Amberin Zaman:  Government determined to sack mayor Ekrem Imamoglu

“Istanbul’s mayor Ekrem Imamoglu is facing prosecution over alleged corruption, Turkey’s judiciary announced Wednesday, the latest in a series of legal cases aimed at removing him from power, according to opposition officials”, writes noted Turkish affairs commentator Amberin Zaman for al Monitor.


The Turkish ministry of interior has investigated complaints that while he was mayor of Istanbul’s Beylikduzu district from 2014-2019, Imamoglu awarded a public tender to an unqualified company. The case is due to be heard on June 15. Prosecutors are seeking a maximum seven-year prison term for Imamoglu and six co-workers on charges of graft. They also want him banned from politics on the same charges.


In a ruling in December, Imamoglu was already barred from politics and sentenced to nearly three years in prison for criticizing Turkey’s Supreme Electoral Board. The board had ordered a controversial redo of the 2019 municipal elections that favored the main opposition pro-secular Republican People’s Party (CHP) in several key cities, including Istanbul. Imamoglu, 52, won by a landslide in the repeat election, marking the first time an opposition figure handed Turkey’s President Recep Tayyip Erdogan such a resounding defeat.

In the presidential race, opinion polls consistently put him ahead of Erdogan, whose once-unassailable popularity has slumped in the midst of Turkey’s worst economic downturn since 2001.

Erdogan’s persecution at the hands of the judiciary, then in league with the country’s fiercely anti-Islamist generals, helped to rally millions of pious Turkish Sunnis behind him. Will Imamoglu’s plight have a similar impact? “It all depends on what the opposition does with it,” said Roj Girasun, who runs Rawest, a research and polling firm that focuses on the country’s estimated 14 million Kurds.

“If they use it to score points against each other in the ongoing battle to name a presidential candidate, this can only benefit Erdogan,” Girasun told Al-Monitor. “As things currently stand, the opposition projects an image of disarray.”

Levent Gultekin, a prominent government critic, complained on the independent news channel Medyascope TV, “The opposition’s first order of business should be to win the election,” but instead, “they are busy squabbling over who should get which ministry.”


Imamoglu likely to be sacked, because Erdogan fears him the most


Imamoglu is at the center of the ongoing power struggle over who gets the presidential nomination from the CHP-led alliance of six opposition parties. The CHP leader, Kemal Kilicdaroglu, covets the role, but his detractors claim that with his lackluster campaigning style, Kurdish roots and Alevi faith, he would be mincemeat for Erdogan. The anti-Kilicdaroglu crowd argue that Erdogan is seeking to eliminate Imamoglu from the race precisely because he believes the CHP leader poses no threat to him.

That view is shared by Meral Aksener, the leader of the right-wing nationalist Iyi or Good party, who is backing Imamoglu, claims Zaman.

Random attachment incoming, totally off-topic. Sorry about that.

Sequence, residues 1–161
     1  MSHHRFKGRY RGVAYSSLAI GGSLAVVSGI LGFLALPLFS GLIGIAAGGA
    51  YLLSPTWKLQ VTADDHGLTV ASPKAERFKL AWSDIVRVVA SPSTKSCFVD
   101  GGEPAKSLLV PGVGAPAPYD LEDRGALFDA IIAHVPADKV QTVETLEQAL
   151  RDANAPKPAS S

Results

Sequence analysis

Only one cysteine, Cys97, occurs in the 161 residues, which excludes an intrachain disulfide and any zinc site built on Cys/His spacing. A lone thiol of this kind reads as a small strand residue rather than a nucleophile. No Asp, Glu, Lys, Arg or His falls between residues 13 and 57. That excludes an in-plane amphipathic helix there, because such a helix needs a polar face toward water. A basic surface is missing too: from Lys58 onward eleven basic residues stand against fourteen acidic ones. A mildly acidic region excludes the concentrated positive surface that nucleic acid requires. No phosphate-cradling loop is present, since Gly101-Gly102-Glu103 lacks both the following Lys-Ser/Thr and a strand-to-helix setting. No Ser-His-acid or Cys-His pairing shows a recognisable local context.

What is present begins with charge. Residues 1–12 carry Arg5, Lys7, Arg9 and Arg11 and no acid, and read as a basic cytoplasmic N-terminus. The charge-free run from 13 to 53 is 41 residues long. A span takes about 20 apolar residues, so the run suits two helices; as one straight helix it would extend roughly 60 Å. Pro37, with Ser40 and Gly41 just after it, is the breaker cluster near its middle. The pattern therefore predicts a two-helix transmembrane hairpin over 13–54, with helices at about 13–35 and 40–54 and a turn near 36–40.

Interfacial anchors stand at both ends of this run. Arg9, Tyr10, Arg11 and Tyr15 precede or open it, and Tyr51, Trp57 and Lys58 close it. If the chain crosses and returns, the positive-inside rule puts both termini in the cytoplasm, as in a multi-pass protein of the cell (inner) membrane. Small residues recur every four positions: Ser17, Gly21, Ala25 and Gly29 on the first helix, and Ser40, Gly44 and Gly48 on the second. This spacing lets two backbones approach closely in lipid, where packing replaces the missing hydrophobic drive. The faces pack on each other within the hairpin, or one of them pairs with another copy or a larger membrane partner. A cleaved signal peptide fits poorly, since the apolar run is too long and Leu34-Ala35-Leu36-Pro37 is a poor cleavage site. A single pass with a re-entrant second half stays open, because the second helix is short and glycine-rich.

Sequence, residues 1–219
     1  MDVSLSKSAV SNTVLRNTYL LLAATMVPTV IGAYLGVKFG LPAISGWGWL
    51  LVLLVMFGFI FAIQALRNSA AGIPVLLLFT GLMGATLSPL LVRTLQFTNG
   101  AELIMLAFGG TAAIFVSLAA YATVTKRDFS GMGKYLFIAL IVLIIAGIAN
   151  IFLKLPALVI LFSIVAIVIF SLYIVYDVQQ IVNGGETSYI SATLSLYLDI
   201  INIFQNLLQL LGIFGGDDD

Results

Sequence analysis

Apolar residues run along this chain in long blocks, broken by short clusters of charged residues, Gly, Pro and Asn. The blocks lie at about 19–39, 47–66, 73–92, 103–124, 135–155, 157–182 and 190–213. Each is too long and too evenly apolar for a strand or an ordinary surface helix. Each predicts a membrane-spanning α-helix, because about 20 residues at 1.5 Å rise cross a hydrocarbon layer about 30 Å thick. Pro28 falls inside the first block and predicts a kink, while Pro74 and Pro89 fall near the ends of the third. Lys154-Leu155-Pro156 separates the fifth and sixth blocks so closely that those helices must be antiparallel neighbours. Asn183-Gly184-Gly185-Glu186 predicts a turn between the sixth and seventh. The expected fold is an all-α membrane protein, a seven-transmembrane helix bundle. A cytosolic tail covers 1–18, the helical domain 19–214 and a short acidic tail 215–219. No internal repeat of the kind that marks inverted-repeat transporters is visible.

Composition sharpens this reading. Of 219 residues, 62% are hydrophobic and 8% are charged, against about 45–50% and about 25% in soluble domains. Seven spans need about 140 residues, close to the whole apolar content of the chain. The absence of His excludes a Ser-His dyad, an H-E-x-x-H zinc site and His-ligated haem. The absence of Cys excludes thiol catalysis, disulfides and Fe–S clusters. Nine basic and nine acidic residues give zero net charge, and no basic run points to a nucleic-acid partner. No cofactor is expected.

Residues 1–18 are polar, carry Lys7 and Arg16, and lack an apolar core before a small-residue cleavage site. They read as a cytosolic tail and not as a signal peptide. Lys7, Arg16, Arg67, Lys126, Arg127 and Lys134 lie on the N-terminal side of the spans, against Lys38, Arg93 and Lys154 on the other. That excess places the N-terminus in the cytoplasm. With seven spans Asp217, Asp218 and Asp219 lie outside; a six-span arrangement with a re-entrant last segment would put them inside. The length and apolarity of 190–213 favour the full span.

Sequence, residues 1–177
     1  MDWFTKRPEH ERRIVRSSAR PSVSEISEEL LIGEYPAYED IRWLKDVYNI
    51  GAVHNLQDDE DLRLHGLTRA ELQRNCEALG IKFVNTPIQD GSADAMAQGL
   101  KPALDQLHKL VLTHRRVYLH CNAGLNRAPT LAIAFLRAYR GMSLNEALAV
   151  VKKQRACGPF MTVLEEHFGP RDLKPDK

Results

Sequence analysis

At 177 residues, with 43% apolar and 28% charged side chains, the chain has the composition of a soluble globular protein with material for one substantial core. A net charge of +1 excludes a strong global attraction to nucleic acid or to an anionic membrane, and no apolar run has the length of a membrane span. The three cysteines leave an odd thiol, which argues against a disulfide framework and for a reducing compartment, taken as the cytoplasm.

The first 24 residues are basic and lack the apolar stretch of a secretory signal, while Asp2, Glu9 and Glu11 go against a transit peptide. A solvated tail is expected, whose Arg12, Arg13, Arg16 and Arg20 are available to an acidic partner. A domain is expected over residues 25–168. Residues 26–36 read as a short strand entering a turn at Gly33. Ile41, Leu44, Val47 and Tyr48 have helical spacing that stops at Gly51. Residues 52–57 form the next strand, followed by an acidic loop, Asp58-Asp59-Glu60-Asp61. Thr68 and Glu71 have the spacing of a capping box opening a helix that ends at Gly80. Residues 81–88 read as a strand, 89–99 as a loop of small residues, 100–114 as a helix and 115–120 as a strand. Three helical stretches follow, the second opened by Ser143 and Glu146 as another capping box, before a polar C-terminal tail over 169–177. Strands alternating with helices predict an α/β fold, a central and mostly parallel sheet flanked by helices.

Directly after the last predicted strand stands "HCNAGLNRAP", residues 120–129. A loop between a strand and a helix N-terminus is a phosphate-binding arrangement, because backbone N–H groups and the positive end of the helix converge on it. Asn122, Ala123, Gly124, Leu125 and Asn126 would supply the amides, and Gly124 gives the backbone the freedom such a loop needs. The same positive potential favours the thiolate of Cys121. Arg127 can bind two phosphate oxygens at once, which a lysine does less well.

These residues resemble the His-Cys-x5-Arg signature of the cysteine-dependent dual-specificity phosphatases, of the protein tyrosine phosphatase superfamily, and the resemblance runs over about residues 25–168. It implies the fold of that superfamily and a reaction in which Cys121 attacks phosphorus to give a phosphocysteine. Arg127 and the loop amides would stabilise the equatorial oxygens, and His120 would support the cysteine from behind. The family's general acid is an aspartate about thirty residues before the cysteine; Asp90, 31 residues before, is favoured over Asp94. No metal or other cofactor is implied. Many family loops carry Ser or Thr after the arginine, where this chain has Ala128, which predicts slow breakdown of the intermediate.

While Imamoglu does perform better than Kilicdaroglu  vs Erdogan in all presidential polls, with only one exception, Kilicdaroglu, too, does beat Erdogan in the second round, in polls where Erdogan loses.


In other words, there is little difference between Imamoglu and Kilicdaroglu from a vote-getting perspective. Furthermore, as Zaman agrees:


The HDP is widely believed to be leaning towards Kilicdaroglu in any runoff — which might be inevitable if they run their own candidate, as no single candidate would then be likely to score the 50 percent of the vote needed to win in a first round.

Contrary to commentators who are quoted in Zaman’s article, constituents of the Table of Six opposition alliance steadfastly deny there is a quarrel about the identity of the presidential candidate. In fact, opposition bastion daily Cumhuriyet interviewed frontbenchers from the six parties, who once again confirmed that relations are cozy.

PA Turkey believes Erdogan is determined to sack Imamoglu from his position as mayor of Istanbul, which would also disqualify him from the presidential contention and will have a major unifying effect on the Table of six. Then, by default Kilicdaroglu becomes the joint candidate, because the other contender,  IYIP chairwoman Meral Aksener has disqualified herself. She wants to be the next prime minister of Turkey.

According to opposition insiders, the leaders have already crafted a mid-way solution, where the next president will be seconded by five VPs, each form other members of Table of Six, who will have veto power on some executive decisions.


Comments by PA Turkey staff

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Published By: Atilla Yeşilada

GlobalSource Partners’ Turkey Country Analyst Atilla Yesilada is the country’s leading political analyst and commentator. He is known throughout the finance and political science world for his thorough and outspoken coverage of Turkey’s political and financial developments. In addition to his extensive writing schedule, he is often called upon to provide his political expertise on major radio and television channels. Based in Istanbul, Atilla is co-founder of the information platform Istanbul Analytics and is one of GlobalSource’s local partners in Turkey. In addition to his consulting work and speaking engagements throughout the US, Europe and the Middle East, he writes regular columns for Turkey’s leading financial websites VATAN and and has contributed to the financial daily Referans and the liberal daily Radikal.